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German firms sent weapons-grade chemicals to Syria

Rebecca Staudenmaier
June 25, 2019

Despite EU restrictions, German companies were involved in exporting chemicals to Syria, a report has uncovered. The ingredients can be used to make sarin gas — a nerve agent repeatedly used in Syria's devastating war.

A man holds up a sign at a demonstration in Hamburg against Syrian chemical weapons attacks in Hamburg, Germany
Image: picture-alliance/imagebroker

Despite European Union sanctions, German companies were involved in exporting weapons-grade chemicals to Syria in the midst of the war, according to a report published on Tuesday.

The deals were uncovered by the Süddeutsche Zeitung, public broadcaster Bayerischer Rundfunk, and Switzerland's Tamedia media group.

According to the report, German chemical wholesaler Brenntag AG sold the chemicals isopropanol and diethylamine to Syria in 2014 using a subsidiary in Switzerland. The recipient was a Syrian pharmaceutical company that had ties to the regime of President Bashar Assad.

Reporters revealed that the diethylamine was produced by German chemicals giant BASF at a plant in the Belgian city of Antwerp. The isopropanol was made by Sasol Solvents Germany GmbH, located in Hamburg.

Although the chemicals can be used to make pharmaceutical drugs, they can also be used in the production of chemical weapons and nerve agents such as VX and sarin gas.

Sarin gas, in particular, has been used in attacks carried out by the Assad regime during the war. The United Nations found that sarin gas used in an attack in 2017 was made using isopropanol. The attack on the town of Khan Sheikhoun killed dozens of people.

Smoke rises from a BASF chemical production site in Antwerp, Belgium
One of the chemicals was reportedly made at a BASF plant in AntwerpImage: Imago Images/Alimdi/Arterra

Violating EU rules

Brenntag AG confirmed that the delivery of the chemicals to Syria was handled by its subsidiary in Switzerland "in accordance with the laws at the time," Süddeutsche Zeitung reported.

Following numerous reports of the Assad regime's use of chemical weapons in the Syrian civil war, the EU placed restrictions on exporting raw materials used to make chemical weapons.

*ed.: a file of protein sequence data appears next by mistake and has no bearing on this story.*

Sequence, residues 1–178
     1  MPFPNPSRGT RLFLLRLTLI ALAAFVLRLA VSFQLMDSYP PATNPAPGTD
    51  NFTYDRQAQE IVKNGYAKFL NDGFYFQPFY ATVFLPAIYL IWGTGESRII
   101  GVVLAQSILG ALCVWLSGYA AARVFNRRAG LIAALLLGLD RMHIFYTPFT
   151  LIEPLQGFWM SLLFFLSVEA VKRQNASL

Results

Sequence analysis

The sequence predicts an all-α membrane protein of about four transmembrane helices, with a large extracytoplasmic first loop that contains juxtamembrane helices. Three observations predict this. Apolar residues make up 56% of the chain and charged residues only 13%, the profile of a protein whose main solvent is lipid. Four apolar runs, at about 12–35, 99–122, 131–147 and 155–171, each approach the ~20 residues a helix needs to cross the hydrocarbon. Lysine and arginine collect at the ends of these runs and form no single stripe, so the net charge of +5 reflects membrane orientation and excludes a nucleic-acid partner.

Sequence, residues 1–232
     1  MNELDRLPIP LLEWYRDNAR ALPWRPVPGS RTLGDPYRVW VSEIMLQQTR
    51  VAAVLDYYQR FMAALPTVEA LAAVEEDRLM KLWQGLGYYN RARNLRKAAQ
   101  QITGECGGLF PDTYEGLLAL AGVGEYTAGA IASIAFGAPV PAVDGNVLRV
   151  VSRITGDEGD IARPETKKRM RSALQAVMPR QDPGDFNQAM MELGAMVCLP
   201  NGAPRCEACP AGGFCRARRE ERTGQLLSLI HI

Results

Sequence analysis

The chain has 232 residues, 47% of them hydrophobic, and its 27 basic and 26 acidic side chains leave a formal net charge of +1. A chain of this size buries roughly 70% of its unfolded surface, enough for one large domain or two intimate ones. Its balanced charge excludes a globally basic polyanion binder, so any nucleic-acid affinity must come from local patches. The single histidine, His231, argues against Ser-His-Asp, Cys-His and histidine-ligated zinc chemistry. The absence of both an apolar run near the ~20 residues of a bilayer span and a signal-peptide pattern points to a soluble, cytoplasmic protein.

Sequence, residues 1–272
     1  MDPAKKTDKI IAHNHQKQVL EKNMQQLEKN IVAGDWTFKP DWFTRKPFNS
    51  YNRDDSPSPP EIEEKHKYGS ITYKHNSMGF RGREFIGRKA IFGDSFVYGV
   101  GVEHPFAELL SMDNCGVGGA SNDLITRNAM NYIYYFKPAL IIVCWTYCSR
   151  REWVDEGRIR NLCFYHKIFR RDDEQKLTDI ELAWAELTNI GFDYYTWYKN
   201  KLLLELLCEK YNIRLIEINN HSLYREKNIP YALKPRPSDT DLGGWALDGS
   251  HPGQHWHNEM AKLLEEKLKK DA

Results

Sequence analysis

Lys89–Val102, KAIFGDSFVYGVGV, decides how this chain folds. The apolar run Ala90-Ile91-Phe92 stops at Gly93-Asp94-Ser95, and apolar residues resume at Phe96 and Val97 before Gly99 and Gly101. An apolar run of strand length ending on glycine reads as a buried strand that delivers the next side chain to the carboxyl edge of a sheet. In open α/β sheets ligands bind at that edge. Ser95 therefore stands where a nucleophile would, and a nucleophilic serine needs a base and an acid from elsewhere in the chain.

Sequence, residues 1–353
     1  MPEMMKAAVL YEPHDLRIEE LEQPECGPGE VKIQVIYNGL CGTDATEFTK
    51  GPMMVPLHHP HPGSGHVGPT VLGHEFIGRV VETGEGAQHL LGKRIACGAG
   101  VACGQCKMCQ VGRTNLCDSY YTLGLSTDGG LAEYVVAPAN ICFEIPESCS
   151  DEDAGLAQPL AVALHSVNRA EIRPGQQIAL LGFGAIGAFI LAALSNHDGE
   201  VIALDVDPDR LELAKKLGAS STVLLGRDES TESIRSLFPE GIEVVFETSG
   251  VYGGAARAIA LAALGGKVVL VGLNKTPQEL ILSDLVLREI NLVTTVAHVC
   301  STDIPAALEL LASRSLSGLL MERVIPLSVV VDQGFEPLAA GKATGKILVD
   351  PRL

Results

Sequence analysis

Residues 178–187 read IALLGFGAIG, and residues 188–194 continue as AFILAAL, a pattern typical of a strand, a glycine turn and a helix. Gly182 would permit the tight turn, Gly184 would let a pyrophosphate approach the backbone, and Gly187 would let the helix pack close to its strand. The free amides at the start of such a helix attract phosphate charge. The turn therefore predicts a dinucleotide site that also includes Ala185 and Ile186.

Formal authorization has been required since 2012 for exports of diethylamine, and since 2013 for isopropanol.

These rules not only apply to direct exports to Syria, but also for indirect sales through countries like Switzerland.

The Federal Office of Economics and Export Control, which is responsible for approving such exports, said that it had not issued any permits for those chemicals over the time period in question.

The involvement of German firms in the 2014 chemical export deals is particularly controversial considering that Syria's chemical weapons stockpiles were destroyed in an internationally coordinated action that same year.

Authorities probing Syria exports

Prosecutors in the western German city of Essen, where Brenntag AG is located, said they have initiated legal proceedings and are probing whether to open a formal investigation. Prosecutors in Belgium are also looking into the case.

Three NGOs have already filed criminal charges over the chemical exports, including the Berlin-based Syrian Archive, the Switzerland-based organization Trial International, and the New York-based Open Society Justice Initiative.

"The authorities should extensively investigate to prove exactly what happened and who knew what at what time," James Goldston from the Open Society Justice Initiative told Bayerischer Rundfunk. "Our goal here is to make sure that the truth comes to light."

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